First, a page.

These are all smaller, personal-sized cantaloupes. The fruit is smaller and the plants are a bit smaller too. However, the vines can still reach anywhere between 3-8 feet.

If growing in a container you should allow it that room and give it something to grow on.

Fertilizing Cantaloupe

A well-rounded fertilizer will do the trick for cantaloupe. I’ve used Jobes all-purpose fertilizer in my vegetable garden and have had good results.

It’s a 4-4-4, meaning it has equal parts nitrogen(N), phosphorus(P), and Potassium(K). Each nutrient does something different for your plant. Nitrogen helps promote green leafy growth. Phosphorus helps root, flower and fruit production. Potassium is a good overall health booster.

When you notice the plant beginning to flower you can choose to switch the fertilizer to something that is more focused on phosphorus with less nitrogen.

Boosting phosphorous and minimizing nitrogen helps the plant produce more blooms, which means more chance of fruit. Dr. earth has a good organic option.

Harvesting Cantaloupe

The fruits are usually ready for harvest about 75-100 days after planting your seedlings.

You will know that the fruits are ready for harvest when they easily seperate from the vine. The rind will probably also change from green to tan as the fruit ripens.

Cut back on watering the plant, if possible, before harvesting. Less water before harvesting is said to promote better tasting fruit.

Cantaloupe Pests And Problems

There are a few common problems that you will most likely run into at some point when growing cantaloupe, Especially if the weather begins to warm and we get our normal amount of rainfall.

Cantaloupe is susceptible to many foliar diseases. Things like Downey and powdery mildew as well as black spot to name a few. These are controlled by spraying your plant with something like a copper fungicide before the first sight of problems.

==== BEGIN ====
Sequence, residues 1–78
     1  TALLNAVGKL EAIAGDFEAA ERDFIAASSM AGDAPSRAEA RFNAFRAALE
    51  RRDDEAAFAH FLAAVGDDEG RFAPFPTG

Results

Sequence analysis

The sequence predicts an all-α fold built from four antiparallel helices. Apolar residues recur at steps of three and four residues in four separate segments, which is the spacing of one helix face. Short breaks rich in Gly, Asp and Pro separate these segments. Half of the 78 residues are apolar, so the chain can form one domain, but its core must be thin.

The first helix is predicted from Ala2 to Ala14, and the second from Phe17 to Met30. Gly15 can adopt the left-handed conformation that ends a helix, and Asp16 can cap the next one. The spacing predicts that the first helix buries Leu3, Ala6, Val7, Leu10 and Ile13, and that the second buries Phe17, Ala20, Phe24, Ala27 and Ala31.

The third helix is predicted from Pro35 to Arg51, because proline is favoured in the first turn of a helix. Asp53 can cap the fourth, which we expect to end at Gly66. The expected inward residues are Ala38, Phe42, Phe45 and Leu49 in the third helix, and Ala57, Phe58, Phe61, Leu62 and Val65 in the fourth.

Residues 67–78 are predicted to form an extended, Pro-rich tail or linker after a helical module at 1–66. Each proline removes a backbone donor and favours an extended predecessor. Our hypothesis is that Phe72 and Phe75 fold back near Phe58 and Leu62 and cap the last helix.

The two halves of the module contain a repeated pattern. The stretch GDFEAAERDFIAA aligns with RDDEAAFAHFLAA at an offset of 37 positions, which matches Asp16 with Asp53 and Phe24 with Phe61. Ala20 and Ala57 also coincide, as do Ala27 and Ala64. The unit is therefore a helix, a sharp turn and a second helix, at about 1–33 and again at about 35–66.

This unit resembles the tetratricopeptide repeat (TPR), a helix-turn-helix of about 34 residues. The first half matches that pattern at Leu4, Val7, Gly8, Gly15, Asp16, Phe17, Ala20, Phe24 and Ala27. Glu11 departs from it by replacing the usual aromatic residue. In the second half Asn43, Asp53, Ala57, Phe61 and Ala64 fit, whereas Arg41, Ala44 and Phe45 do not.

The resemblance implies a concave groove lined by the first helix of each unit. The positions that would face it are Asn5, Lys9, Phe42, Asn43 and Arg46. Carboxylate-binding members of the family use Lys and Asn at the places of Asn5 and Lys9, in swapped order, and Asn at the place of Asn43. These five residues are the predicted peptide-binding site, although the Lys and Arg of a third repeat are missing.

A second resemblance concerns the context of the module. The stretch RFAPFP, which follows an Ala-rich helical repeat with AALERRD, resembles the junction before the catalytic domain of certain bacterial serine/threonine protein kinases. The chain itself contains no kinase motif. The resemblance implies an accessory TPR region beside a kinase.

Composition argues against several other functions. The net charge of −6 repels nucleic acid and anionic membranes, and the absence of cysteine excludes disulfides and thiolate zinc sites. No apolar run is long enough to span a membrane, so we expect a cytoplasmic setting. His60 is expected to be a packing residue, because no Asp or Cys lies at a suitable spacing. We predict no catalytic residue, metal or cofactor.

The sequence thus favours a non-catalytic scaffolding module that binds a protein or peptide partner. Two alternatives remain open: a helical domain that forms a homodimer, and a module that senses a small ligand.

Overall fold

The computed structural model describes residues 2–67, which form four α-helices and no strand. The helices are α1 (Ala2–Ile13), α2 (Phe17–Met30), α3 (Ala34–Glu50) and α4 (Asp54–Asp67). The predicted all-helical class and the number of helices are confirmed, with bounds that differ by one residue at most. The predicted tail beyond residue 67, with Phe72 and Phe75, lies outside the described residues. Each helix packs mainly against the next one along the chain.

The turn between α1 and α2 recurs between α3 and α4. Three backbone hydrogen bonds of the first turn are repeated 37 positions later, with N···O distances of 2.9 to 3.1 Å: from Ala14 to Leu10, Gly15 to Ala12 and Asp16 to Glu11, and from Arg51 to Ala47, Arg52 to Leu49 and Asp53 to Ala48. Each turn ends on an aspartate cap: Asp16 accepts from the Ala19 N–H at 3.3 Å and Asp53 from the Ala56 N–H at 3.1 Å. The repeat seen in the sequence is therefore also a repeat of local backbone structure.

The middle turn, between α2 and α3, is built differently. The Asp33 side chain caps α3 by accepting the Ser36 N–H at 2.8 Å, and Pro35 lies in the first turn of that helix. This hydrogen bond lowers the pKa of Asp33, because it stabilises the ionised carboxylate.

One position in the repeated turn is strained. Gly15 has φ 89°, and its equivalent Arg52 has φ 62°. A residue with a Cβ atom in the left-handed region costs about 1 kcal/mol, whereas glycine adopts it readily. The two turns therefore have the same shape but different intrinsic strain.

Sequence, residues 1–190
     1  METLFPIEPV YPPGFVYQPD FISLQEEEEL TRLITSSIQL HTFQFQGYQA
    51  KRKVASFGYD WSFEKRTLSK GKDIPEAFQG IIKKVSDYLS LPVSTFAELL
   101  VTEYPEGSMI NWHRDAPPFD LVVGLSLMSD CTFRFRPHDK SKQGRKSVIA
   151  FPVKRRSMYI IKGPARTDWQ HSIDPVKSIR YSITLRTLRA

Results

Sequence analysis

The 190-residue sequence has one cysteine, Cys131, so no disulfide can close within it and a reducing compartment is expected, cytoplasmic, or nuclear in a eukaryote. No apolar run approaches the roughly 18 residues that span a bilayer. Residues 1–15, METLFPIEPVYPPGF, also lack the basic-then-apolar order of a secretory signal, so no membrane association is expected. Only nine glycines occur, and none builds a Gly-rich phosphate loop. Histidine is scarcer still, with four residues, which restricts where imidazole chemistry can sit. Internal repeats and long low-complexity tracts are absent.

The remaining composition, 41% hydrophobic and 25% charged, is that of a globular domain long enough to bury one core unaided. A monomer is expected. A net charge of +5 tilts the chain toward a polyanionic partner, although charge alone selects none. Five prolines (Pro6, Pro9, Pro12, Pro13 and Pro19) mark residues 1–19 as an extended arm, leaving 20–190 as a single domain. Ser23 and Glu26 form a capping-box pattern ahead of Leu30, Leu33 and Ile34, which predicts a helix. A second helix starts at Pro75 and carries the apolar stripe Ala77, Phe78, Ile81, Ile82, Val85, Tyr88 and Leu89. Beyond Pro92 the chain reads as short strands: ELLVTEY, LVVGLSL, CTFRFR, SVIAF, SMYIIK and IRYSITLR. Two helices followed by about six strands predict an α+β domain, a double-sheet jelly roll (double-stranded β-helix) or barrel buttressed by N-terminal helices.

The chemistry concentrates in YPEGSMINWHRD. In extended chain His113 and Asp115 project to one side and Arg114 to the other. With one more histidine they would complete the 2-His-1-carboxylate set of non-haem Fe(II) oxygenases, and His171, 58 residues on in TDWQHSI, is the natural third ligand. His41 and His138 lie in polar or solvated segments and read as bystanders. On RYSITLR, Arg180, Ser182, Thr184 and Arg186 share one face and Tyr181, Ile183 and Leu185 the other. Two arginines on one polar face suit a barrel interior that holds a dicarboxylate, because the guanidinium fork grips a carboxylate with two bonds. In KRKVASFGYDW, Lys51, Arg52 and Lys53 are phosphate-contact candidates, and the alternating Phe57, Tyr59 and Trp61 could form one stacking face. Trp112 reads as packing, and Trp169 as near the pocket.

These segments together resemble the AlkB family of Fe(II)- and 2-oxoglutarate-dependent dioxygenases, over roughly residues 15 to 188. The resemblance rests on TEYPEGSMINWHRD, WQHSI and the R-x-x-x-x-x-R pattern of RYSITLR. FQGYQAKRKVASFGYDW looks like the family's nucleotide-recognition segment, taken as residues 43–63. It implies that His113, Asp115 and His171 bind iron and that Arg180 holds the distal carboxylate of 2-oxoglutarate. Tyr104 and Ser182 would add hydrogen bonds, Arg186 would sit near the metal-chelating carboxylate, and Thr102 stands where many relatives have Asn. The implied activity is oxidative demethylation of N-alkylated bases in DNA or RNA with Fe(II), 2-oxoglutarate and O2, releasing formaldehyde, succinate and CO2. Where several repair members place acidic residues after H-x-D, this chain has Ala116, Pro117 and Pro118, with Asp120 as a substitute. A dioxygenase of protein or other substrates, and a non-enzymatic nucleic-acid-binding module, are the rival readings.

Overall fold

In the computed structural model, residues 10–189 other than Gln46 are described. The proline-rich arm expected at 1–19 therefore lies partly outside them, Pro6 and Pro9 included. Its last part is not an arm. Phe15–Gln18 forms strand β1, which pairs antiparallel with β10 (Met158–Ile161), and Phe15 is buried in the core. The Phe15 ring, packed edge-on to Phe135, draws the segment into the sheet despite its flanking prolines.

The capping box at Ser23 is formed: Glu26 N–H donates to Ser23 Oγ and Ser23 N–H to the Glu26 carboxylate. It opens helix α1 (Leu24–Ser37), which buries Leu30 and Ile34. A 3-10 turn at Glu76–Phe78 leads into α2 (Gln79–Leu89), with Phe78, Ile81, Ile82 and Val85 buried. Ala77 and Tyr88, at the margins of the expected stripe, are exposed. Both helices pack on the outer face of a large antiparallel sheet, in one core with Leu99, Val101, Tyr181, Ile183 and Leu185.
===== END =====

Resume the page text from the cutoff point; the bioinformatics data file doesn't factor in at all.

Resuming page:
Cucumber Beetle. Photo by Katja

You may notice some worms and maybe the cucumber beetle. Beetles and other bugs may eat some of your leaves and a few fruits but the bigger problem they bring is the spread of disease. I’ve found that neem oil (Check price) is a good organic method of pest control.

However, the best all-around pest control is to have a diverse garden. Plant as many things as you can near each other. This draws in lots of good bugs which actually outnumber the bad bugs drastically. Find out what to plant in Florida to attract all those good bugs to your garden here.

How To Grow Cantaloupe In Florida

  • To grow cantaloupe in Florida you need to plant your seeds as soon as the fear of the last frost is gone. This is normally around February.
  • Plant varieties like Athena, Ambrosia, Galia, and Minnesota Midget.
  • Plants can take anywhere from 75-100 days to reach full maturity.
  • Plant in Full sun and Well-drained, organic-rich soil.
  • Water regularly and fertilize with a well-balanced organic fertilizer.
  • Cut back on watering before harvesting.
  • Watch out for foliar disease, caterpillars and beetles.

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Unluckily for plants, I really enjoy growing them. I've grown a few plants over the years and I've killed some too, more than I would like to admit. I just want to share my experience and hope that it helps others.